Another fine debt crisis

30 Jun 2015 | Author: | No comments yet »

Debt casts pall over Greece, Puerto Rico.

WASHINGTON — U.S. lawmakers have no firm plan to help more than 3 million American citizens living 1,000 miles off the coast of Florida under a government staring down the barrel of a $73 billion debt crisis. According to a 2014 report by the London School of Economics, “Greece’s economy in the last 40 years was based on excessive consumption, and external and internal public borrowing. … Alejandro Garcia Padilla put it bluntly on Sunday, admitting that the island’s “debt is not payable.” Garcia Padilla told The New York Times in an interview that if the government cannot get the economy to grow, Puerto Rico “will be in a death spiral.” Garcia Padilla’s comments come days before Puerto Rico’s government-run electric utility, known as PREPA, must make a $400 million debt payment.

The peculiarity of the Greek public sector is the large size and exorbitant public expenditure on wages, but also the low efficiency along with extremely low quality of services for citizens.” Puerto Rico Gov. If the impact on Puerto Rico’s citizenry isn’t enough to spur action by the U.S. government, or by the Wall Street hedge funds that hold a significant stake in the island’s debt, maybe the potential effect of a default on mainland Americans will do the trick. A default by Puerto Rico would roil the municipal bond market — typically a low-risk arena — leaving retirement funds, pensions and institutional investors “massively exposed,” explained Dante Disparte, founder of the capital management firm Risk Cooperative. “A $73 billion write-off has a potential to bring down many more aspects of the economy than we might let on, because we are trying to treat it like it’s isolated and that it’s an island, but it’s a dollar-denominated economy. It’s part of the U.S., and the firms to whom that debt is owed may very well be the firms managing our grandparents’ pensions and our own retirement plans,” Disparte said. Moreover, according to El Nuevo Dia, the most popular newspaper on the island, the actual debt is a “frightening” $167 billion, or 162 percent of GDP.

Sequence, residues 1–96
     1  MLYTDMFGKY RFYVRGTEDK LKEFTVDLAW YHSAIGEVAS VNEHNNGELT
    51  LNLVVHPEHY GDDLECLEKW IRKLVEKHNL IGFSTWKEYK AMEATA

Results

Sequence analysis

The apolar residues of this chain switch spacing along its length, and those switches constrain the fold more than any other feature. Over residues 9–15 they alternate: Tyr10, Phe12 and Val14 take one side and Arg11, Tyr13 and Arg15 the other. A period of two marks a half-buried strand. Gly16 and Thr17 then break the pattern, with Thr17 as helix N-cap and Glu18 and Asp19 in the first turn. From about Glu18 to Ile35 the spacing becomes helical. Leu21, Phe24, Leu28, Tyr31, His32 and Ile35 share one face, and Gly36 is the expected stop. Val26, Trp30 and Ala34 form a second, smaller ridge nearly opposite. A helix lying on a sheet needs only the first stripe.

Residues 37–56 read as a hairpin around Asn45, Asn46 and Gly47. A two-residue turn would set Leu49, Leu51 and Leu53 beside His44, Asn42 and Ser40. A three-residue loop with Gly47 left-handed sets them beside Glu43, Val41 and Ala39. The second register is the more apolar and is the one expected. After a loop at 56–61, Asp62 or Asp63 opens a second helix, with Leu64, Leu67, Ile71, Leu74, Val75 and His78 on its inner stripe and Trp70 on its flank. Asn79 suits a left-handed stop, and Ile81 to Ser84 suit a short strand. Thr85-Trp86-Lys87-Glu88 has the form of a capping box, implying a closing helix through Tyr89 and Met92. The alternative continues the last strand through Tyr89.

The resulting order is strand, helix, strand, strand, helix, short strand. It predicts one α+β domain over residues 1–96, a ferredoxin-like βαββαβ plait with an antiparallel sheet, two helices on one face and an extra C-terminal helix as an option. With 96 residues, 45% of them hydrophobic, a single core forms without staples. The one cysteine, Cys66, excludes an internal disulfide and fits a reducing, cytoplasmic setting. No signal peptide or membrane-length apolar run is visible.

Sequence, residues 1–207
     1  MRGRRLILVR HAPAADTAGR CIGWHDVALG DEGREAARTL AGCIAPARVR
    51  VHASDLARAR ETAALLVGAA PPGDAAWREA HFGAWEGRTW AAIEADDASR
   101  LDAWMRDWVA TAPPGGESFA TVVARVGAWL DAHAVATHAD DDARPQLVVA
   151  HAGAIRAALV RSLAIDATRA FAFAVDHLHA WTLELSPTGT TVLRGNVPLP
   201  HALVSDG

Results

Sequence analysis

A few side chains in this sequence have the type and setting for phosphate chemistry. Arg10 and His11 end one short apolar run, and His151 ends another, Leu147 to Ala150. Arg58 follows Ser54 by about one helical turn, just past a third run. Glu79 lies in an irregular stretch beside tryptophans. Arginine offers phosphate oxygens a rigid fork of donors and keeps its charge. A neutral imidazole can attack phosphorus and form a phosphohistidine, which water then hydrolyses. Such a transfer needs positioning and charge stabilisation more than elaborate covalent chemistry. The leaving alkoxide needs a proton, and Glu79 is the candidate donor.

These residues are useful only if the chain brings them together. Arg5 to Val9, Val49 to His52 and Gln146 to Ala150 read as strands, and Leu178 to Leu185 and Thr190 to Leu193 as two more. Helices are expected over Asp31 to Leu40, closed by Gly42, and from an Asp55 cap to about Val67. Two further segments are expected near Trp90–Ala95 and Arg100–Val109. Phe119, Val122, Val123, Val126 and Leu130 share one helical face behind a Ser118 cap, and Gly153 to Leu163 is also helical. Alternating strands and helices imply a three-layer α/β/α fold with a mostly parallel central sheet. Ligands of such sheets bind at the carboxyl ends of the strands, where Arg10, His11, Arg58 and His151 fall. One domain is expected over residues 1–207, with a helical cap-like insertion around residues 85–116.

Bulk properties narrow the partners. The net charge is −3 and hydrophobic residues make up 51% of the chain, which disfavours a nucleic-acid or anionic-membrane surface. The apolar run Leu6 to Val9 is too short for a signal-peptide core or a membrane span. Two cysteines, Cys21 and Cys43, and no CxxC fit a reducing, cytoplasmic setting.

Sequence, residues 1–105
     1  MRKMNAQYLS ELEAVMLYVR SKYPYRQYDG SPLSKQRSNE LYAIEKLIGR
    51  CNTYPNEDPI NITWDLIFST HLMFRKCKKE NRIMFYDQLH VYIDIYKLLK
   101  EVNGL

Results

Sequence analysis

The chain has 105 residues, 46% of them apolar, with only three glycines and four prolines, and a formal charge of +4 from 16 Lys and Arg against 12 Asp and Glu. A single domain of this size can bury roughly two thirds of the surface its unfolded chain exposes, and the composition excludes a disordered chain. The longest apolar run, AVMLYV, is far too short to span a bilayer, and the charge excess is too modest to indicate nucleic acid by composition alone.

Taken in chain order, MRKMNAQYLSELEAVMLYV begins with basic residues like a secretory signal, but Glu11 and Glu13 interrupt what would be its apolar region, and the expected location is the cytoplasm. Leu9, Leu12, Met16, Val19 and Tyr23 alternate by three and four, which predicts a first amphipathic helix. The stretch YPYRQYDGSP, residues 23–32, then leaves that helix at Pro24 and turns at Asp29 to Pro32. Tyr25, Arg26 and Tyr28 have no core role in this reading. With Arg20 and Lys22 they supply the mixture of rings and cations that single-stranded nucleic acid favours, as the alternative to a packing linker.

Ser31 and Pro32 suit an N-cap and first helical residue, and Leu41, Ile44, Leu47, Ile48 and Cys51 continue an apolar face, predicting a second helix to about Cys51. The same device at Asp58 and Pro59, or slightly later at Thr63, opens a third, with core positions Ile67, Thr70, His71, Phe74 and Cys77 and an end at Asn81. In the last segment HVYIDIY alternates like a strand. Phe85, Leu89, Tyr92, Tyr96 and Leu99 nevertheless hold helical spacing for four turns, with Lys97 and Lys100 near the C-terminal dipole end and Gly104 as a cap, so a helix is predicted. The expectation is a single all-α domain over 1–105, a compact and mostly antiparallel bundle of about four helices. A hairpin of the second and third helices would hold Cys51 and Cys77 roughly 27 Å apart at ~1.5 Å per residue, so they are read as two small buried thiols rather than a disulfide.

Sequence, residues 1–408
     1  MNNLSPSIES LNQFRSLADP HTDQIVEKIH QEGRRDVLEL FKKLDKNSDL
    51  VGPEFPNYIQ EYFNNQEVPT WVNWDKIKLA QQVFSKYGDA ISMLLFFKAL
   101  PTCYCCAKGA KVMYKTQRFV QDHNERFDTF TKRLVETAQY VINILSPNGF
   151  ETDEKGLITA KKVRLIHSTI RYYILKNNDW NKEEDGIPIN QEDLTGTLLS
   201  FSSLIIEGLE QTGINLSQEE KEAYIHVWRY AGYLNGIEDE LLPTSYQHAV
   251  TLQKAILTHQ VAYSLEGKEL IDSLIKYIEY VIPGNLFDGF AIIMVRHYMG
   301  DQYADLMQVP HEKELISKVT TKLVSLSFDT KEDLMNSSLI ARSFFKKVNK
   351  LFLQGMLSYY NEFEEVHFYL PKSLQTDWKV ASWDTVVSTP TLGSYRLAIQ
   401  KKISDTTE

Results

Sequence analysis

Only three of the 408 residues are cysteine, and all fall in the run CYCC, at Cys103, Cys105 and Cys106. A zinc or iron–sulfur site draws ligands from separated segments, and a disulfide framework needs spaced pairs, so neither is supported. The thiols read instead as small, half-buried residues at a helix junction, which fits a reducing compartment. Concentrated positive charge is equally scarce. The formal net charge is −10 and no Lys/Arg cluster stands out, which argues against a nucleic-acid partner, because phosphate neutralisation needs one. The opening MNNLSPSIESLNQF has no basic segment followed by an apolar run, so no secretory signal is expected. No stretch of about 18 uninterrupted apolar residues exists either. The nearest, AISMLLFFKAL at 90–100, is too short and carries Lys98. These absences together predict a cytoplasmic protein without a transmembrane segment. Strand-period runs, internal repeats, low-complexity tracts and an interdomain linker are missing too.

An editorial in the paper concluded, “You don’t need to be an economist from Harvard to understand that this debt is unsustainable.” By comparison, California’s debt, as estimated in Gov. Every time he visits, Disparte said he sees the effects — an increasing number of vacant properties. “When you are playing with things this large and this systemic, you need kid gloves and delicacy and order — not, ‘It doesn’t matter to me. Earnest acknowledged Puerto Rico’s inability to restructure its public debt under bankruptcy, as municipalities in the mainland are allowed to do. “So there are strong merits to having an orderly mechanism for Puerto Rico to manage the financial challenges of its public corporation if needed and so we’ve urged Congress to take a close look at this particular issue,” Earnest said, hinting at possible White House support for expanding Chapter 9 bankruptcy to Puerto Rico. “Essentially this means that a Chapter 9 scenario that would be available to all the 50 states is not one that is currently to Puerto Rico, and that is something only Congress can change.” Garcia Padilla remained steadfast in a recorded address broadcast Monday evening, outlining a plan that would allow the island to avoid “choosing to pay police officers and school teachers” or “our debt.” While preaching shared sacrifice, Garcia Padilla made an impassioned pitch for Washington lawmakers to “take concrete action in this crisis. Not only is it directly plugged into the gigantic U.S. economy, with complete free trade, but residents pay no federal income tax, and the commonwealth tax is just 4 percent of income. The measure ultimately was struck down in court and is currently on appeal. “There are lawsuits here that would happen almost immediately between bondholders and PREPA, between one group of bondholders and other bondholders, and between bondholders and their brokers-slash-dealers, or whoever bought the bonds for them,” Farber said. “So there’s a potential for lawsuits going all kinds of ways.

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